Unemployment in Scotland fell by 14,000 in the first three months of the year to 120,000, according to the latest official figures.
The drop took the jobless rate to 4.4%, which is less than the 42-year low figure of 4.6% for the UK as a whole, announced by the Office For National Statistics (ONS) yesterday.
Economy Secretary Keith Brown said the figures showed Scotland’s labour market was continuing to “perform well in the face of significant economic challenges.”
The statistics show Scotland’s unemployment total, including those out of work and not eligible for benefits, from January to March this year, was 48,000 lower than during the same period in 2016.
They also revealed that over the first three months of the year the number of Scots in work rose by 41,000 from the first quarter of 2016 to 2,620,000.
In Scotland 74% of the workforce are in employment, which is slightly lower than the 74.8% recorded across the UK as a whole.
The number of Scots out of work and claiming jobseeker’s allowance increased by 200 last month to 48,200. The figure is 9,400 lower than in April 2016.
Mr Brown said: “Unemployment is down, employment is up and Scotland’s youth unemployment rate is the fourth lowest in the EU. This is welcome news.
“We will work to support employment and our priority remains developing the correct conditions for economic growth, including those taking forward our multi-billion pound infrastructure plan and the Scottish Growth Scheme.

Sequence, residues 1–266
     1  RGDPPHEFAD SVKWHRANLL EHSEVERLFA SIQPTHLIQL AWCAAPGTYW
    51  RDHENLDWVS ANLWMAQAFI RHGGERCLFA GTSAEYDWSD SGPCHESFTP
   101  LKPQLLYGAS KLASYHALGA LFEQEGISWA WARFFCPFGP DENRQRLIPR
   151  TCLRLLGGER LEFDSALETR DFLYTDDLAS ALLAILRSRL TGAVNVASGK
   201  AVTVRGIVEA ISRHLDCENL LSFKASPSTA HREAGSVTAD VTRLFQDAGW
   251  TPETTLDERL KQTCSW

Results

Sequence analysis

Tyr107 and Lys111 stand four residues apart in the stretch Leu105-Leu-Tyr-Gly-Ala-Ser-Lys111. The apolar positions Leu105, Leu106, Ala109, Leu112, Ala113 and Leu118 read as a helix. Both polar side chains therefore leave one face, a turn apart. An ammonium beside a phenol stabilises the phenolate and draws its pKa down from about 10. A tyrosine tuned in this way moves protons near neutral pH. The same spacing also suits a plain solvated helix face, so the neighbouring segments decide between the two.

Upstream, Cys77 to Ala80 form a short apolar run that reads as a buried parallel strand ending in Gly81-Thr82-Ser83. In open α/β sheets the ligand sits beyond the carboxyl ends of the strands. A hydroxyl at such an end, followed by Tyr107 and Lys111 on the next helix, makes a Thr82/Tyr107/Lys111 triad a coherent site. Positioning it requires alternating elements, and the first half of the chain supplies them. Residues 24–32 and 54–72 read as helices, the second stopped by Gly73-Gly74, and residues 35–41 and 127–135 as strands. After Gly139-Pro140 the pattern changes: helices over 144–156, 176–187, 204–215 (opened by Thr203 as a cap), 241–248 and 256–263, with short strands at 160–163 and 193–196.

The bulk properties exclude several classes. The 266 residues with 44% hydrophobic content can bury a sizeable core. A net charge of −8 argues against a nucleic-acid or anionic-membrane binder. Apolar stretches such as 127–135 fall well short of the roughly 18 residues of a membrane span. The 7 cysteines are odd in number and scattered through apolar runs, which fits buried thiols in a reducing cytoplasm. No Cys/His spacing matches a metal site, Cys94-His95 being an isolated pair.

“We will also continue to tackle issues around inactivity in the labour market.”
The figures were welcomed as “very positive” by Liz Cameron, chief executive of the Scottish Chambers of Commerce.
She said: “Scotland’s businesses are working hard against some pretty strong economic headwinds right now and are continuing to seek the talents that they need to succeed, both by recruiting new staff and through upskilling existing workers.”
Ms Cameron added that businesses needed support in their efforts from a “coherent” UK industrial strategy backed by the Scottish and Westminster governments.
CBI Scotland director Hugh Aitken said the fall in unemployment was “encouraging” and called for a competitive tax regime to attract investment against a background of “tepid” economic growth.
Colin Borland of the Federation of Small Businesses (FSB) said the “impressive” job figures did not show the “wide gaps between our most prosperous communities and those left behind.”